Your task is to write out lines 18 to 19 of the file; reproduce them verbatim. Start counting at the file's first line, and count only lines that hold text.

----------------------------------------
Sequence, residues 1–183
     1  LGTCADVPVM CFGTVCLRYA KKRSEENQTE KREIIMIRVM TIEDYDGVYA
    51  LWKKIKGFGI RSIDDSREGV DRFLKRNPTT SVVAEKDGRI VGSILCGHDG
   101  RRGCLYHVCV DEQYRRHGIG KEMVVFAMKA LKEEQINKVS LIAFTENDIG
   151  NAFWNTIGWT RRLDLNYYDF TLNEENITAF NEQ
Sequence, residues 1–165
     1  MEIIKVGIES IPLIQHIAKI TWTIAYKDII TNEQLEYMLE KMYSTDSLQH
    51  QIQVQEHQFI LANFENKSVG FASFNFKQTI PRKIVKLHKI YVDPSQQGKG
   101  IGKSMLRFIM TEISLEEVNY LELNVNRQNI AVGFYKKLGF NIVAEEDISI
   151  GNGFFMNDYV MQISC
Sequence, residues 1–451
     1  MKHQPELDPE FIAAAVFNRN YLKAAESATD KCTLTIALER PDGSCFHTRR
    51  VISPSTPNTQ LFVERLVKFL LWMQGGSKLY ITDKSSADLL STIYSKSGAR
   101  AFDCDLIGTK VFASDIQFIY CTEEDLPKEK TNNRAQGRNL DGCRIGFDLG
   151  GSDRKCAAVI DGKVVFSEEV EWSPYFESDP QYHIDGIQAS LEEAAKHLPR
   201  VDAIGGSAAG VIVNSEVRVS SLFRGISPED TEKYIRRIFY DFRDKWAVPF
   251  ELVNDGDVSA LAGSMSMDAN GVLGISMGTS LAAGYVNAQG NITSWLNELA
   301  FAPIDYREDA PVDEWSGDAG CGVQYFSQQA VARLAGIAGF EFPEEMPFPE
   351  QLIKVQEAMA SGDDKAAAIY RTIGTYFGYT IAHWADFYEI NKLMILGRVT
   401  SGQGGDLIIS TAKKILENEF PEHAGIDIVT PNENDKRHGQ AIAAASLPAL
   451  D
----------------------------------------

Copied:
   301  FAPIDYREDA PVDEWSGDAG CGVQYFSQQA VARLAGIAGF EFPEEMPFPE
   351  QLIKVQEAMA SGDDKAAAIY RTIGTYFGYT IAHWADFYEI NKLMILGRVT